Supervisor(s): Dr Ilya Kuprov
Start date of project: 1 Oct 2013
Funding: UK, EU
How long is the project/funding: 4 years
Advert end date: 1 Sep 2013
An optimal control problem consists in bringing a physical system from one state to another to a given accuracy with minimum expenditure of time and resources. Originally developed in 1960s to facilitate engineering work and famously applied to minimize fuel consumption during the landing of Apollo lunar modules, optimal control theory has evolved and expanded with the rest of physics â it is presently found in areas as diverse as optical spectroscopy, photochemistry, magnetic resonance, spin dynamics and quantum engineering.
As the human society evolved to be more responsible, the requirement for energy efficiency and optimal utilization of resources has become more stringent. This happened not just with fuel consumption, resource conservation and other matters of general public concern, but also in fundamental physics, where experimentalists are facing steep instrumental challenges with finite time and energy budgets. This is particularly true for quantum engineering â an extremely demanding area where a single fundamental particle must often be steered individually, with high precision and virtually no dissipation. The recent successes of optimal control theory are well documented and include highly accurate NMR / EPR pulses, error-tolerant atom chips and highly efficient dynamic nuclear polarization protocols. In all cases the theoretical modelling of the control process is critical for the success of the optimization procedure.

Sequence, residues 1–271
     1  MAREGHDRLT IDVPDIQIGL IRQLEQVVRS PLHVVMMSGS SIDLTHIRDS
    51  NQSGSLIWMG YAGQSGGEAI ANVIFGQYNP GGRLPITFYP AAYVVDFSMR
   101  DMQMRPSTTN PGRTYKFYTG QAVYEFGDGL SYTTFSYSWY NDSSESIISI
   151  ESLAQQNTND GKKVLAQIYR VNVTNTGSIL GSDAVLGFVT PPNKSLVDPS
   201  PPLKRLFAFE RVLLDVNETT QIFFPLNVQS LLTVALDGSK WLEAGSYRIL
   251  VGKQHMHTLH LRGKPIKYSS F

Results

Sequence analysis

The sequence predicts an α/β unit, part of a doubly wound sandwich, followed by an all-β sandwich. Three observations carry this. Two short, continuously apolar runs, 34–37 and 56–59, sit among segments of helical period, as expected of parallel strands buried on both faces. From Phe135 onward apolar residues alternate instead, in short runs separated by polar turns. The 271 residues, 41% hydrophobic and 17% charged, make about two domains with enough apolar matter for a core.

Objective of this project is to improve the performance of current Optimal Control algorithms and apply them to magnetic resonance (NMR, EPR and DNP) as well as other quantum dynamics processes. The current algorithms are very computationally demanding, but our preliminary work indicates that massive acceleration is possible that would lead to a major improvement in usability and applicability of quantum optimal control procedures. Our current experience also indicates that dramatic improvements are possible in the core NMR, EPR and MRI methodology if the traditional experimental protocols are replaced with optimal control ones.
This project is a part of the iMR-CDT Doctoral Training Programme that provides high-level training courses, industry internship opportunities, conference and collaboration travel funds, high-performance workstations as well as research networking opportunities within the six participating UK universities.
Further information on this project is available at http://spindynamics.org